Here's the question you clicked on:
avendanl
Differentiate: f(x)=sqrt(x) lnx
Use chain [d/dx f(g) = f'(g)g'] and product rule [d/dx fg = f'g + fg']. Let: f = √x = x^(½) f' = ½(x)^(½ - 1) [Chain Rule] = ½(x)^(½ - 2/2) = ½(x)^(-½) = 1/(2√x) g = ln(x) g' = 1/x [Chain Rule again; Note that d/dx ln(x) = 1/x] So: f'(x) = ln(x)/(2√x) + √(x)/x = ln(x)/(2√x) + x^(½)/x^(1) = ln(x)/(2√x) + 1/x^(1 - ½) = ln(x)/(2√x) + 1/x^(½) = ln(x)/(2√x) + 1/√x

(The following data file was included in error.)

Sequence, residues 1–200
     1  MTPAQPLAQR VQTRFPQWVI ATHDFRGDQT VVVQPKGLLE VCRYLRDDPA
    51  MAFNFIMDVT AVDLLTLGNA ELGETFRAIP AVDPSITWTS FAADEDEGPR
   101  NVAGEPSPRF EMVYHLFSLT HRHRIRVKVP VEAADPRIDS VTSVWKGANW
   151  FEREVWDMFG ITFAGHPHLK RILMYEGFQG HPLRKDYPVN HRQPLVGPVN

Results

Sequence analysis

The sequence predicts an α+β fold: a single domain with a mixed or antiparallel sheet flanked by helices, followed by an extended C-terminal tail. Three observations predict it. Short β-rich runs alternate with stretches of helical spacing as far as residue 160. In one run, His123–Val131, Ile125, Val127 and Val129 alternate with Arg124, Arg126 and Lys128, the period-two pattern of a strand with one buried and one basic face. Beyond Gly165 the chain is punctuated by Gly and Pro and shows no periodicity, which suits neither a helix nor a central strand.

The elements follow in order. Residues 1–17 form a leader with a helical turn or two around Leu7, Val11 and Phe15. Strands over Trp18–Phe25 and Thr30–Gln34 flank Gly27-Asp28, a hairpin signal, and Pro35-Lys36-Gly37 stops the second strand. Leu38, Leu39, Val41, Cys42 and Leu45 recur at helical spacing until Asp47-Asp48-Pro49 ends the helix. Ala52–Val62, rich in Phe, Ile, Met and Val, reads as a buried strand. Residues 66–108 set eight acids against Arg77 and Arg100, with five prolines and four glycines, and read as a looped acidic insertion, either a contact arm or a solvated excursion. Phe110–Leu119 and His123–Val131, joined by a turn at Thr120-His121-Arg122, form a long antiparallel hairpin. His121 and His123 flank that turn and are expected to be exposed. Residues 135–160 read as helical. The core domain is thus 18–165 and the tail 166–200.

That's not the chain rule, that's the power rule.
Anything can be written as a chain rule. \[\frac{ d }{ dx } x ^{2}=\frac{ d }{ dx }(x)^{2}=2(x)\frac{ d }{ dx }(x)=2x \times1=2x\]
Well, not everything, but the point is there.
\[\frac{d(\sqrt{x}\ln(x))}{dx}=\frac{1}{2}\frac{\ln(x)}{\sqrt x}-\frac{1}{\sqrt x}\]
is this the function you want to differentiate...
i just noticed pooja195 his answer is correct...
Yes, thanks to everyone for clarifying this one. I think I got it.